Books that think (and play Hangman)

A good book makes you think. But what if you make the book think, instead?

I’ve long been fascinated with the idea of inanimate objects that compute, or otherwise do things outside the bounds of their normal function. Examples of this include mechanical calculators, slide rules, and choose your own adventure books; a more recent and directly relevant example is Tic Tac Tome, a book that will play you at Tic-tac-toe.

What these all have in common is that they’re an otherwise inert object that, when a human operator follows a set of directions, can ‘execute’ algorithms or produce behaviours beyond that which the object itself can achieve. They’re a real life example of a chinese room.

When a friend recently asked if a book could play Hangman, it set me thinking about these sort of objects, again, and I decided to see just how practical it was. It turns out that yes, you can ‘teach’ a book to play Hangman, and it does a decent job of it, too.

The first task is to pick a word list to use. I wanted something that included many common words, and which I could tune to the size I needed; that eliminated ordinary word lists. I also wanted to restrict it to nouns, since (in my experience, at least) that’s what people most often guess in hangman.

In the end, the Google Books n-gram corpus proved to be a good match. The 1-gram list provides an enormous dataset of words, frequency counts (by book and total occurrences) part of speech, and publication date, and with a little work can be used to extract, say, the most common 50,000 nouns in books published since 1980. A little sanitisation is necessary; the list contains many nonwords and proper nouns, and particularly short words (fewer than 3 characters) and particularly long ones (longer than, say, 15 characters) aren’t particularly interesting for Hangman. Eliminating the nonwords is easily done by comparng the list against a regular dictionary; I used the scrabble dictionary.

Then, it’s a matter of figuring out the best way to transcribe a game of hangman - or, really, all possible games of hangman - into book form. This also turns out to be relatively straightforward, and works like this:

  1. Pick the most common letter from your list of words, and guess that.
  2. Separate the words into groups according to the pattern they make with that letter guessed (eg, 'dead' when guessing 'e' produces the pattern '_e__')
  3. For each group created, repeat from step 1 with just those words.

This recursive procedure creates a tree structure, with each node corresponding to a guess the book makes. Leaf nodes represent final guesses, where the book declares “your word is ‘dead’!”. A few more tweaks and improvements are necessary; for instance, there’s no point guessing a letter if every remaining word contains it, and there’s likewise no point in using up your last guess if there’s only two options and you can only get one of them right.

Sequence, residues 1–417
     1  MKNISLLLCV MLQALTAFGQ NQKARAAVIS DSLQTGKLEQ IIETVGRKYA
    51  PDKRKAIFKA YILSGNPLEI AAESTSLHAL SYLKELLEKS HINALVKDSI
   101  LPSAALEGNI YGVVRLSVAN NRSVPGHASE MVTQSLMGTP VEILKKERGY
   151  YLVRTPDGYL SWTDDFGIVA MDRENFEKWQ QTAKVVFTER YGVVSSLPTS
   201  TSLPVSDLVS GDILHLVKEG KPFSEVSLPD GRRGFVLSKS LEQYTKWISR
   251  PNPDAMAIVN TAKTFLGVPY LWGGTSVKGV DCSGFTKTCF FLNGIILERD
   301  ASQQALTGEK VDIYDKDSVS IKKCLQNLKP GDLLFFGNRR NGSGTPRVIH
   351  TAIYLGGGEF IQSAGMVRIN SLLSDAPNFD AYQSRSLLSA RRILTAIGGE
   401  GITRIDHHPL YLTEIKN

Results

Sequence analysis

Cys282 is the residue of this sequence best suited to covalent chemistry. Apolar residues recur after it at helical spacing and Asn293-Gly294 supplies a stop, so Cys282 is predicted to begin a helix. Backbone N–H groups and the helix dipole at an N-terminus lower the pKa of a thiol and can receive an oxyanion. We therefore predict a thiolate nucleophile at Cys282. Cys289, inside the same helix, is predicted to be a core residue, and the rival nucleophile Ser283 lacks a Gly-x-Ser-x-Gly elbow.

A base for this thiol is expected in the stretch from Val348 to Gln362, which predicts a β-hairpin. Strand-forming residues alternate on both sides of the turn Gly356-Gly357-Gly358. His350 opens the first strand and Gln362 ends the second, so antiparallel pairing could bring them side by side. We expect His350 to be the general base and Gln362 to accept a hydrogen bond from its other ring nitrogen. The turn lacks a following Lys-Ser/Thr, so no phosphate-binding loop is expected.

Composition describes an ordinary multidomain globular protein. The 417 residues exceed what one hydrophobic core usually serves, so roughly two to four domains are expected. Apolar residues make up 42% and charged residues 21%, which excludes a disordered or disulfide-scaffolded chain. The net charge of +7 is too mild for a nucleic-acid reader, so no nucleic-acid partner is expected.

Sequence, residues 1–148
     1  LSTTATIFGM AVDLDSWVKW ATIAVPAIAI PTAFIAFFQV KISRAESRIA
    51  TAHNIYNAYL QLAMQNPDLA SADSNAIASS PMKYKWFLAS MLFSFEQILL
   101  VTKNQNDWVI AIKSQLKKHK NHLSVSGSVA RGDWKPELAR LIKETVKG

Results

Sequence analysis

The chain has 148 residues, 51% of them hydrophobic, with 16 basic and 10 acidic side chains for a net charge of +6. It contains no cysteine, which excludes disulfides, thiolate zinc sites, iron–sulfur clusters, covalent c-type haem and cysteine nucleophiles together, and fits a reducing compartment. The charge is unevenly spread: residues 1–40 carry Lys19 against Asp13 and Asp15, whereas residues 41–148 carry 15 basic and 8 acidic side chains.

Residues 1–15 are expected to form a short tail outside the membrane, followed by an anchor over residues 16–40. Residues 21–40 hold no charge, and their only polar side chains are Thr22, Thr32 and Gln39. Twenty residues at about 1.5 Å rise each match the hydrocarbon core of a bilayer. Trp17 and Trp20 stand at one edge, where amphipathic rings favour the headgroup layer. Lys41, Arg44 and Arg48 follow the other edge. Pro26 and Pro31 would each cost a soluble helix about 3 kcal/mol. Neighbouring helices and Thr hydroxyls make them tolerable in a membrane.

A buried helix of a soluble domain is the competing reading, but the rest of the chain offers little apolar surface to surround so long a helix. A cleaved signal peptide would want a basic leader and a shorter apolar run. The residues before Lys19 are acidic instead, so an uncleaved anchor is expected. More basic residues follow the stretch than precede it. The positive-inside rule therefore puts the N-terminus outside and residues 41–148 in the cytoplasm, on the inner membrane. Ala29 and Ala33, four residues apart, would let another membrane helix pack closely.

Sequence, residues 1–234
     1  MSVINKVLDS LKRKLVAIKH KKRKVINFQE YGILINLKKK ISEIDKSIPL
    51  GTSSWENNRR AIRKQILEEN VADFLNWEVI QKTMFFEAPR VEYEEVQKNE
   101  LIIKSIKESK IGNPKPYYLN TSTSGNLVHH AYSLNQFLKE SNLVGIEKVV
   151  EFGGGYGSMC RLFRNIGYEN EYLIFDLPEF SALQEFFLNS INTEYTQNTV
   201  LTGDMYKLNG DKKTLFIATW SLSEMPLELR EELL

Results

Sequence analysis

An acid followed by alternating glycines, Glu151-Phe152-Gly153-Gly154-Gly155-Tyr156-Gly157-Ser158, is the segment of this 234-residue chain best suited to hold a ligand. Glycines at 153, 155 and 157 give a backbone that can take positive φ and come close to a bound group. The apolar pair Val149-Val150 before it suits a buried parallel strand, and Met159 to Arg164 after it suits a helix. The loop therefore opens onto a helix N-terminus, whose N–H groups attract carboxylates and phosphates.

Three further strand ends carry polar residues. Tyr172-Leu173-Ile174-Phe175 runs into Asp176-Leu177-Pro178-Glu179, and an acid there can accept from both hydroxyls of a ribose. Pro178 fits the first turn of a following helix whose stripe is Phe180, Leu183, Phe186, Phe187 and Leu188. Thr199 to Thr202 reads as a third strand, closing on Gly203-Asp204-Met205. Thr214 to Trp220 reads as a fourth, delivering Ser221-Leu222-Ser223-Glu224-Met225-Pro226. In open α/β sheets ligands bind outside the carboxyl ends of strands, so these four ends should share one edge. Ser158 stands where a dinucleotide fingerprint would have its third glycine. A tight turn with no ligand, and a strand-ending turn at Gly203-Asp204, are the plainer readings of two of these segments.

After building the tree structure and cleaning it up a bit, formatting it into book form is a relatively straightforward matter of writing CSS and HTML. I found it worked best when sections are sorted topologically, so you always proceed forwards through the book as it makes guesses, and each section tends to be close to the previous one.

One advantage of the way we chose the wordlist at the beginning is that you can tune the length of the wordlist to suit the size of the book you want to produce. I wanted something that was a reasonable, usable size, so I settled on 500 pages; this works out to about 4000 words. A simple second pass that identifies words that can be added without requiring new sections brings the total count up to about 6800 words.

It’s interesting to note that shorter words are much harder to guess in hangman than longer ones, because they have fewer letters, and form fewer patterns with the letters they do have. You’re better thinking of ‘sky’ than ‘disciplinarian’ when it comes to hangman. As a result, there are a few short common words that the book knows of but can’t guess in the alotted number of wrong guesses (6, in the version I always played growing up), none of them longer than 5 characters. In the other direction, if you pick a long word that it knows, it may well figure it out after just a single guessed letter!

And, to answer the question you’re undoubtedly asking right now: Yes, this exists as a real book. I’m calling it Dead Tree, and thanks to the wonders of print-on-demand, it’s available now from and, just in time for the holiday season. If you know a geek who’s as fascinated as me with things that compute, this might make a good gift for them.

What’s more, the book is open-source, and you can find the source files - wordlist, generating program, and everything else, here on GitHub.